Bob Franken

King Features Column

(As usual, the arrangement with the syndicators means these columns appear here a week after their newspaper release)


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This shouldn’t be a provocative question, but sadly it will be: Why is an act that, timewise, takes up a tiny part of our existence such a huge factor in how we’re defined? Yes, this is about sex. When you strip away (pun intended) all the dogma, you are left with an activity that doesn’t come close to consuming our schedule in the way that commuting or shopping or other day-to-day mundania do.

Gay mania seems hard-wired into so many people’s procreative reflexes. But analysis demonstrates that we, as a society, finally are plodding away from this primitive revulsion to what we like to call “alternative lifestyles,” a term that betrays an overemphasis on the brief moments spent partaking in it. A 1996 Gallup poll found that only 27 percent of respondents favored a right to same-sex marriage. Gallup’s most recent shows majority acceptance. It’s simply the latest to do so. The various prominent surveys indicate an even higher level of support for civil unions; more than six-in-10 are for the concept.

Non-heterosexuality remains a perilous flash point, because of those who can’t get past their oppressive passions. In mid-May, the Minnesota Legislature found it politically necessary to offer on the 2012 ballot an amendment to the state constitution banning same-sex marriage.

On the other side of the debate, New York Mayor Michael Bloomberg is trying to appeal to the conscience of state senators to stop avoiding the issue, chiding: “Do you want to be remembered as a leader on civil rights? Or an obstructionist?” He’s pushing them to tackle a bill that would permit gay marriage, as the laws now do in five states and the District of Columbia.

At the same time, the Rhode Island House of Representatives has passed a bill granting civil-union rights to same-sex couples. Final passage would mean Rhode Island would join several other states choosing that approach — Illinois, Delaware and Hawaii joined the list this year. It’s the middle ground that, even with its legal protections, leaves many gays dissatisfied, since they contend it still makes them second-class citizens.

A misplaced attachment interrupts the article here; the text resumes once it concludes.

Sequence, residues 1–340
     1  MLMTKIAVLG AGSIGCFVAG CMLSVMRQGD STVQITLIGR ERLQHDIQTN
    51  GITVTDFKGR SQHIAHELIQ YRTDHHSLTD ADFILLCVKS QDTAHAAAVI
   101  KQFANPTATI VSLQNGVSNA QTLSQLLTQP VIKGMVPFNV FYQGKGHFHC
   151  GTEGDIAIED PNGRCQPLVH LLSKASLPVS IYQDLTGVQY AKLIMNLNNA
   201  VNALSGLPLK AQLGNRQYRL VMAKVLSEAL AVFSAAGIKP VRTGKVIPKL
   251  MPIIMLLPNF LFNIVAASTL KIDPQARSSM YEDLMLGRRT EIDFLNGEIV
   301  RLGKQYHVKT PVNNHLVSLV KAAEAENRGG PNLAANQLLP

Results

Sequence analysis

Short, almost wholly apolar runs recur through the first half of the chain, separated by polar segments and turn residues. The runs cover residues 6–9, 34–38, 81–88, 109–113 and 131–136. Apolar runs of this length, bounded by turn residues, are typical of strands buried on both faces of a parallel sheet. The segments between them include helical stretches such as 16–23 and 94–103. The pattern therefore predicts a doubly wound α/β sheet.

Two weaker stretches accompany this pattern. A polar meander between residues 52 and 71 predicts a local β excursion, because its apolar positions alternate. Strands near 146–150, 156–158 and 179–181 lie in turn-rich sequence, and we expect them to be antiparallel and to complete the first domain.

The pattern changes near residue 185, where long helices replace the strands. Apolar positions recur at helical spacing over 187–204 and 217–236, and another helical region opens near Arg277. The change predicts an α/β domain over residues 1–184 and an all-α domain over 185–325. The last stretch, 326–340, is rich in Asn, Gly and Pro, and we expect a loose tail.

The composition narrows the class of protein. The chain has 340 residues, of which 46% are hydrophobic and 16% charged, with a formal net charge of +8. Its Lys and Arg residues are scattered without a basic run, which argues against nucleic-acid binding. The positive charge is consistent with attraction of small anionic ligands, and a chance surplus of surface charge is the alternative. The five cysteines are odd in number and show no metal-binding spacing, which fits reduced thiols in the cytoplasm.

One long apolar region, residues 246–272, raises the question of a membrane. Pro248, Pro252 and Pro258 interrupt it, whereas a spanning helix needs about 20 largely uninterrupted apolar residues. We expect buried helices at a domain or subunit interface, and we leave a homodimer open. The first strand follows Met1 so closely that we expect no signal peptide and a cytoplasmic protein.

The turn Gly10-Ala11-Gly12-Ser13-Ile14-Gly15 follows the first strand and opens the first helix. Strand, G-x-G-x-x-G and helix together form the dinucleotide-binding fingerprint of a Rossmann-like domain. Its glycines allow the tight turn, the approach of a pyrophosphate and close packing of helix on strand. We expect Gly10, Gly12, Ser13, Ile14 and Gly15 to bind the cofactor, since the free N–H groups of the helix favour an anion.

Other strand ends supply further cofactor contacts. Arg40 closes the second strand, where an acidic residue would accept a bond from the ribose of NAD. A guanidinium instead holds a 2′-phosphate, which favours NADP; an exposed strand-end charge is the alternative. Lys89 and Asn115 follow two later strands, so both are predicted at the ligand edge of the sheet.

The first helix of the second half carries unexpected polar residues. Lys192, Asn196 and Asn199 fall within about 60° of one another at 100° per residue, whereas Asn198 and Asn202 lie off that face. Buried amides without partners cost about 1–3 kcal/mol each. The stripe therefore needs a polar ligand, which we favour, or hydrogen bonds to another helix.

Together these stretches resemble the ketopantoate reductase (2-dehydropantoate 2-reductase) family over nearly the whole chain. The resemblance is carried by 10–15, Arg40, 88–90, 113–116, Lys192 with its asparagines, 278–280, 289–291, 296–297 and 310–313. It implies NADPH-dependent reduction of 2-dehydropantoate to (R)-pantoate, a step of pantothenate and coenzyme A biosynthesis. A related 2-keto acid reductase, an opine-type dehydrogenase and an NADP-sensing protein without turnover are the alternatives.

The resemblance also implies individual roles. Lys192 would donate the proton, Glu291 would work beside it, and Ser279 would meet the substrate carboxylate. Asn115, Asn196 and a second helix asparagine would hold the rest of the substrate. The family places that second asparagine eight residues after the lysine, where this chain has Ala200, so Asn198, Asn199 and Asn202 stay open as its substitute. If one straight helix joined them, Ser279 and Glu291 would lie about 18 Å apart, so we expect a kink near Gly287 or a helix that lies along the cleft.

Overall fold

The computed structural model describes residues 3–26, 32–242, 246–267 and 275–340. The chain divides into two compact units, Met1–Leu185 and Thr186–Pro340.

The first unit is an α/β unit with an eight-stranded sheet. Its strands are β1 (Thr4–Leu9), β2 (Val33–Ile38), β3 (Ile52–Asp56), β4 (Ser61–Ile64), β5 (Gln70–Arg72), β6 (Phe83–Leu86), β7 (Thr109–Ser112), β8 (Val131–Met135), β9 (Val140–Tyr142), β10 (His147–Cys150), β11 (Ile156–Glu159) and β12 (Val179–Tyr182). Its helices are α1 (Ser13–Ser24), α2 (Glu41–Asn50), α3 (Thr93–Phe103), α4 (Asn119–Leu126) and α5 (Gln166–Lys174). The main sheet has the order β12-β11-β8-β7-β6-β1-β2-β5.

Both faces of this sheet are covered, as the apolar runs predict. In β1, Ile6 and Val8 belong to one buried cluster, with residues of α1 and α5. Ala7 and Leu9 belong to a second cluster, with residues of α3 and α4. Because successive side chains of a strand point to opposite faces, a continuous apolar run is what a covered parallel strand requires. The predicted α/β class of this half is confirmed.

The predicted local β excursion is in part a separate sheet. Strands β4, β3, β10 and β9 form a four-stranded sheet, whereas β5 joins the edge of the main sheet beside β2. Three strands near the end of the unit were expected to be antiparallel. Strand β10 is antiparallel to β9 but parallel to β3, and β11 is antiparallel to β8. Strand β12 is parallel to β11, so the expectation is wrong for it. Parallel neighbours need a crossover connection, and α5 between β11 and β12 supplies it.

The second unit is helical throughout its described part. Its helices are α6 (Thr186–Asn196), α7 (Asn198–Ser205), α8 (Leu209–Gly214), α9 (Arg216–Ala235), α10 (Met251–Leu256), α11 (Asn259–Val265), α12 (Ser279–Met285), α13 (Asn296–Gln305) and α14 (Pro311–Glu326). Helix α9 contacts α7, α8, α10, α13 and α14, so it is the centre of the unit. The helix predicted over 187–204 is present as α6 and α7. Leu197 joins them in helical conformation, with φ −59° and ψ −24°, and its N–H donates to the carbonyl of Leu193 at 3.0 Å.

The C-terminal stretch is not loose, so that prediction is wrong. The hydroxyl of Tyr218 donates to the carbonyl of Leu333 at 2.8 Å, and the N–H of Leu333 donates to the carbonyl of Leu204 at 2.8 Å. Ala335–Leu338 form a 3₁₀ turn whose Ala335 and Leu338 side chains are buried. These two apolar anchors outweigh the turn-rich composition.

Maybe there’s an answer to that. What if state-sanctioned marriage, involving couples of any coupling persuasion, was taken out of the equation? What if all unions — with the rights, responsibilities and deductions — were recognized under the law. Marriage itself would be reserved for the religious or ceremonial in the venue of the couple’s choice, only as a supplement to the licensed binding relationship.

The idea would take some getting used to. For starters, traditionalists will scream bloody murder. There’s no answer for those who emphasize procreation, but marriage isn’t needed for that anyway. However, a lawful union does provide the stable framework for the child who needs one, whether natural-born or adopted.

Most importantly, universal recognition of all unions and preferences validates the movement ahead of our prehistoric seed-planting imperative. Not that the deep-seated frenzy surrounding all but he-she sex will go away. Even though the polls show that three-fourths of Americans believe that the military’s “don’t ask, don’t tell” policy should be eliminated, and even though the law doing so passed last year, a Republican majority of the House Armed Service Committee passed a bill that would further delay the process of getting rid of the policy. Homophobes aren’t going down without a fight.

In one form or another, prejudice still rules and passion continues to be a damaging distraction. What a pity, since we need to concentrate on the substantial issues that affect how and where we lead the bulk of our lives. Those are the important public-policy matters — as opposed to the private ones, like what we do with whom, which are really incidental.

© 2011 Bob Franken

Distributed by King Features Syndicate, Inc.

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